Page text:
Kinsale in the background. Beyond the bridge and entrance point across the dry ditch. After the surrender, Brigadier General Churchill, Marlborough’s brother, became Governor of the Fort.

James Fort is visible on the brown promontory in the middle distance and the port of Kinsale and its landlocked, deep safe harbour is on the horizon.

These defeats closed the access to the south of Ireland for French shipping and support. It was the beginning of the end. James had landed here in Kinsale in 1689. And now also from here he scuttled away down these steps and into his lonely boat. ‘ Will ye no come back again…?’

James leaving Ireland

Guest post: On the trail of the Jacobite War in Ireland Part 3 – The Fort

Posted on July 16th, 2017 under , , . Posted by

Friend of the blog Peter A shares his some of his Irish campaign experiences from Kinsale 1690….
The Fort – Kinsale

Kinsale at 7.30am on a Sunday morning. Clear, bright, cold. Sun rising over the remains of the old James Fort. The harbour still and quiet – waiting for the day.

That peace – an enchanted moment – the sea and the shape of the hills is a view untouched for a thousand years – any modern intrusions fade away – what we see today is what they saw in 1690.

And the memories of that time flood back… the old Fort was taken by the Dane General Tettau at the head of 800 men. The garrison was far more numerous than had been reported by deserters – suggesting only 150 men. In fact, there were 450 but as the assault went in an explosion amongst the barrels of powder killed many of the defenders and the Fort was quickly carried – 220 Irish were killed and the rest made prisoners… some tried to escape across the water in boats to the New Fort. But the tide was against them and shot from the shore despatched most of them.

And so to Charles Fort. The new Fort. One of the best-preserved star Forts in Europe. It followed the principles of Vauban in terms of the ramparts, the bastions and the covered way. However, it was adapted to the uneven topography of the site and its principal role was seen as a coastal defence Fortification to prevent foreign naval forces entering Kinsale harbour. Since sieges rather than field battles were by far the most common form of conflict in our period, it is exciting to visit a place that witnessed a real siege in 1690. History seeps out from the massive walls…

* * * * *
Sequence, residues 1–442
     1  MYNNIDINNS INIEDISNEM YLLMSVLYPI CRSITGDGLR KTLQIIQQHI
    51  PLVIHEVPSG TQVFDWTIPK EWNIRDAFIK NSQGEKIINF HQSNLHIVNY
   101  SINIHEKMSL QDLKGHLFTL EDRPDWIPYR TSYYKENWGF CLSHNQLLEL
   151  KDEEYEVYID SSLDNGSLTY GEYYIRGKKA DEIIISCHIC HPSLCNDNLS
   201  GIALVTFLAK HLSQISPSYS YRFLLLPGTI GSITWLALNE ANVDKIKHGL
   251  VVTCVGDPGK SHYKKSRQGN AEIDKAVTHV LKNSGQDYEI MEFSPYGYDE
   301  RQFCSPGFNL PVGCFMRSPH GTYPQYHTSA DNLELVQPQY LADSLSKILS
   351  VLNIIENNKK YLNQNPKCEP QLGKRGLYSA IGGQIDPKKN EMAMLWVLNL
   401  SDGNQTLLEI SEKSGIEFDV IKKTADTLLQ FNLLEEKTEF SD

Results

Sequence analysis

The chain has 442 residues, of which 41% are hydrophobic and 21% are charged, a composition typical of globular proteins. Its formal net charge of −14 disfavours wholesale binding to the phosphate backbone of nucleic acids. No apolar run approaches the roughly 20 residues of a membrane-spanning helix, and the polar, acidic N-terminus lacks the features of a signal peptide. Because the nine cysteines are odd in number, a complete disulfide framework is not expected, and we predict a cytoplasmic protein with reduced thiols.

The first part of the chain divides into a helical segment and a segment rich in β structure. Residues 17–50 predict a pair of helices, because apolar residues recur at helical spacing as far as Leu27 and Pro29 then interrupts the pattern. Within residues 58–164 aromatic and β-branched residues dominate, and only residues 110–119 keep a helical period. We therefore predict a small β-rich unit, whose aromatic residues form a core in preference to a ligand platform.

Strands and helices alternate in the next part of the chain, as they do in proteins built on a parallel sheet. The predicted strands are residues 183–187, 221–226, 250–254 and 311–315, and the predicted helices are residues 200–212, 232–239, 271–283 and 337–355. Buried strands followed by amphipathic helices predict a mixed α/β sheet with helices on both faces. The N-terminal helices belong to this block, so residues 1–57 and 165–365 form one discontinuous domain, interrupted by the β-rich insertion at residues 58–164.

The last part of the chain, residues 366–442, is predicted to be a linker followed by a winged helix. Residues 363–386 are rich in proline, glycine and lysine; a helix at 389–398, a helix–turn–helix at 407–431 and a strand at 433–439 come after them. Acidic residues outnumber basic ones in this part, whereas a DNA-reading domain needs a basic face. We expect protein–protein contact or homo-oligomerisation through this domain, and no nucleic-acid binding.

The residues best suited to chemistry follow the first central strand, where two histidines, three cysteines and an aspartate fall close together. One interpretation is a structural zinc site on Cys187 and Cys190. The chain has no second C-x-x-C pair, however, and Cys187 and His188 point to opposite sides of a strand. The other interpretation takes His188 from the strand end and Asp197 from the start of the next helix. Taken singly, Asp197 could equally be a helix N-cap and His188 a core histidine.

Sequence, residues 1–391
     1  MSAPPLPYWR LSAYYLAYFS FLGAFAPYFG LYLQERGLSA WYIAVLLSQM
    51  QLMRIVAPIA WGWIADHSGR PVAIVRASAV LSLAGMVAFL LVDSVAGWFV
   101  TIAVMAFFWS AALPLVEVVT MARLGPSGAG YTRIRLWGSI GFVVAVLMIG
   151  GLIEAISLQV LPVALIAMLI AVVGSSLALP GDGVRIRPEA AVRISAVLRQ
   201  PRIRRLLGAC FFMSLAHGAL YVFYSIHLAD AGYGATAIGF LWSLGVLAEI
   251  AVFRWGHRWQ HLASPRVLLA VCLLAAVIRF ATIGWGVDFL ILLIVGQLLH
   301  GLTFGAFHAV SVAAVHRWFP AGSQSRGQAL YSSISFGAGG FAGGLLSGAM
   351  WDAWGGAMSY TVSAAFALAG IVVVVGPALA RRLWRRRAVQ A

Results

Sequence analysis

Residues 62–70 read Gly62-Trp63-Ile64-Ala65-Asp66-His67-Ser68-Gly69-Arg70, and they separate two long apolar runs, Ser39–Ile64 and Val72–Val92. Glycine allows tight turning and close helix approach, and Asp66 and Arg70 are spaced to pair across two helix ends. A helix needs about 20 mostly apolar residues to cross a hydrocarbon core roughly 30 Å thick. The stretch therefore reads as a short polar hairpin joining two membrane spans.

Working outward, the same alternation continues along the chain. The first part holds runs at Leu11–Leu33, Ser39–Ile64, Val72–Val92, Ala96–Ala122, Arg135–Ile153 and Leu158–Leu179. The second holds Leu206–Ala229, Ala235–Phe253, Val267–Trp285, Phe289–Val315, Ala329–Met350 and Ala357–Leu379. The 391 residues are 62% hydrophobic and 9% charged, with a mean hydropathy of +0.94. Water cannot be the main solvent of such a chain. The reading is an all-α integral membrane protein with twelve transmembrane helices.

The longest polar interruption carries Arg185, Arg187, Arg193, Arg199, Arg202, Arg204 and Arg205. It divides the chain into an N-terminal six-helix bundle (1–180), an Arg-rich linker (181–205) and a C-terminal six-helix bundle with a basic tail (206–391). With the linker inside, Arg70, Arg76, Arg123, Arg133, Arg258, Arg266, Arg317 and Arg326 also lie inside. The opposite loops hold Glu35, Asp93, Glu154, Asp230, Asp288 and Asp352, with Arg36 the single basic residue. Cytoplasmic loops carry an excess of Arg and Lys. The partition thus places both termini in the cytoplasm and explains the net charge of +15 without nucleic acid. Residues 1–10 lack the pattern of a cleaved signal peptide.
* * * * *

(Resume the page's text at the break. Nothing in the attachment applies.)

The best way to appreciate the shape and scale of a Vauban-style Fort is from the sky. This photo hangs in the gatehouse – which now serves as the entrance to the museum. The white gravel walkway from the carpark across the bridge to the main gate is at the bottom of the image. The huge bastions and grassed walkways look strong and not to be easily conquered…

Once inside there are stunning views out to sea. What a vantage point! Head straight south and you would eventually hit Brest on the Brittany peninsula and then the Bay of Biscay and Spain. From beyond that horizon, James first arrived in Ireland here in Kinsale – full of hope and expectation of the recovery of his English throne.

The sheltered nature of the wonderful deep harbour is clear – an attractive anchorage for an enemy fleet. When the Fort was built, the threat was anticipated to come from this sea – essentially from France…! It was constructed in the early 1680s, and Charles Fort was the most expensive Fortification in Ireland. William Robinson, Superintendent of Fortifications was the designer. The Earl of Orrery laid the first stone and when the Lord Lieutenant of Ireland, the Duke of Ormond visited the site in August 1681, for obvious diplomatic and sycophantic reasons, he named it after King Charles II.